Osama Abdul Mohsen made international headlines earlier this month when a video emerged showing Petra László of Hungary's N1TV sticking her leg out to trip Mohsen – who was carrying his 7-year-old son – as he tried to dart by authorities at the Hungary-Serbia border.
Moshen and his son, who were among dozens of migrants attempting to escape police at the crossing, ended up in Germany, where the media reported that Mohsen had worked as a soccer coach in Syria before the civil war forced his family to flee their hometown.
News of Moshen's plight reached Spain and CENAFE, an academy in a Madrid suburb dedicated to training soccer coaches.
"When we saw the story of Mohsen published in the newspapers we felt terrible," CENAFE's Conrado Galán told El País.
With the help of one of the school's coaching graduates who speaks Arabic, the academy arranged for Mohsen to bring his family to Spain and rebuild his career as a coach. CENAFE has also arranged for housing for the family.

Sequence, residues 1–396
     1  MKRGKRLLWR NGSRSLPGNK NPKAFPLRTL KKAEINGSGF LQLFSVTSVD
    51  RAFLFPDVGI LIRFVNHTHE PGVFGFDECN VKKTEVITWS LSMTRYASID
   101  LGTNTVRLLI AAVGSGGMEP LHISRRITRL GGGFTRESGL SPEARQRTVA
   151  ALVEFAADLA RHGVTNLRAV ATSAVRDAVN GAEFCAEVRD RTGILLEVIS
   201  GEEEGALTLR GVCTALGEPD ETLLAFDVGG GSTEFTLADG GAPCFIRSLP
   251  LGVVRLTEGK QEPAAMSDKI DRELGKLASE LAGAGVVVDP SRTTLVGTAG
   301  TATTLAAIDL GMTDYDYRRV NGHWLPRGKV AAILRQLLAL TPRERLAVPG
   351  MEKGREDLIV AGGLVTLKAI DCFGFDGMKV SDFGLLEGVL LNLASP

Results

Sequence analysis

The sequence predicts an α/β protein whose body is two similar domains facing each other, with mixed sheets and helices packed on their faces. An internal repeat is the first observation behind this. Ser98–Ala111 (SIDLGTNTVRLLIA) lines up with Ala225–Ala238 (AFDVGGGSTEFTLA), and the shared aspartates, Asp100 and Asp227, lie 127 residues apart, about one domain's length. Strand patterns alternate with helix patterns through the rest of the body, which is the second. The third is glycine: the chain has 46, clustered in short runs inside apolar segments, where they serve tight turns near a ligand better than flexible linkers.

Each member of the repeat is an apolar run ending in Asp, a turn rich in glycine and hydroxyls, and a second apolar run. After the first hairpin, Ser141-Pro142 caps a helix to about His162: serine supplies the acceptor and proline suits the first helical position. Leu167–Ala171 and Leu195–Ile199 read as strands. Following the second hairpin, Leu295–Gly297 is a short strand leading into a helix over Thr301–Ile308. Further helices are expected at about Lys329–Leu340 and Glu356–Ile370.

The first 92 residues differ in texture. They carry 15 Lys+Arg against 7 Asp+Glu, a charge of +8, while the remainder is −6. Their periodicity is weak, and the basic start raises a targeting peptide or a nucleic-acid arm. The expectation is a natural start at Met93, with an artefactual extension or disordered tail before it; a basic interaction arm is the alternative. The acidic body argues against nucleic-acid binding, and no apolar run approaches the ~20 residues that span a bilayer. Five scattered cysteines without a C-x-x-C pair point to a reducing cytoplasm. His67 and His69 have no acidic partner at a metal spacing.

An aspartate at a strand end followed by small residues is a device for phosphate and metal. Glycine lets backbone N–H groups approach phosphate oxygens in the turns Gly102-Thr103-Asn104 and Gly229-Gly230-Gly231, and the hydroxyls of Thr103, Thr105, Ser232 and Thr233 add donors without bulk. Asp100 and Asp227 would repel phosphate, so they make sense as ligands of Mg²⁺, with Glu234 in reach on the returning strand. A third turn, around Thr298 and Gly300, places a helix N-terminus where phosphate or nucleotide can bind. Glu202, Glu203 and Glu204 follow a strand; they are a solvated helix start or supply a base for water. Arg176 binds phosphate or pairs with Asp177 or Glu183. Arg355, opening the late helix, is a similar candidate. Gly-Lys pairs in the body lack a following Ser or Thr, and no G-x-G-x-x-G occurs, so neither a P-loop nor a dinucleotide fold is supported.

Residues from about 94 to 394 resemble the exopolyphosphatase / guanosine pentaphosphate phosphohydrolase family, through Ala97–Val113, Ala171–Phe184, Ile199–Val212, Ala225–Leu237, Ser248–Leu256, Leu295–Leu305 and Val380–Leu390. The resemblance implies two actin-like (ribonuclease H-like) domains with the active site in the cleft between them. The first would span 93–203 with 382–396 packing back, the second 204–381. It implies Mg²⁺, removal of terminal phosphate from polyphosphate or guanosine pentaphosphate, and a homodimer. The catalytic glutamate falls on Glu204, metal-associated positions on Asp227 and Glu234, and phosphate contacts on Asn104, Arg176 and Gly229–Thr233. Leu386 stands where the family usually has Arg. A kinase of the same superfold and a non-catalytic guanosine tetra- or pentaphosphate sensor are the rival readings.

Mohsen's wife and two other children remain in Turkey, but the hope is to reunite the family in Spain within a week, said Galán, of CENAFE.
The academy also plans to help the father of four apply for asylum in Spain. Last week, Spain agreed to welcome 17,680 refugees from Syria and other countries under a plan set up by the European Commission.
After footage of László tripping Mohsen and kicking other refugees went viral, the camerawoman apologized for her actions. Nonetheless, was fired from her job at N1TV, and now faces criminal charges.